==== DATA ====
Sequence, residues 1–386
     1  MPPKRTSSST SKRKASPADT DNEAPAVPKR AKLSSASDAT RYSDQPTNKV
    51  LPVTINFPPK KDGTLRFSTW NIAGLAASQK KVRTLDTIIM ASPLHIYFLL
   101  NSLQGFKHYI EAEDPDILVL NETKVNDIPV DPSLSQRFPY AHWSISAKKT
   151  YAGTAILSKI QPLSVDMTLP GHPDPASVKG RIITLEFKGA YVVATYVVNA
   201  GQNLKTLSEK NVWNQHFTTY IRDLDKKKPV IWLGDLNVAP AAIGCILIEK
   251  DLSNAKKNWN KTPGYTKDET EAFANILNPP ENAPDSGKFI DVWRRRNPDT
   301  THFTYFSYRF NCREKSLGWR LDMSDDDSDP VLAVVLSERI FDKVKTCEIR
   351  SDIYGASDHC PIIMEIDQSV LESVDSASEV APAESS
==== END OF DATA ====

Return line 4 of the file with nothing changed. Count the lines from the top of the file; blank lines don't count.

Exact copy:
   101  NSLQGFKHYI EAEDPDILVL NETKVNDIPV DPSLSQRFPY AHWSISAKKT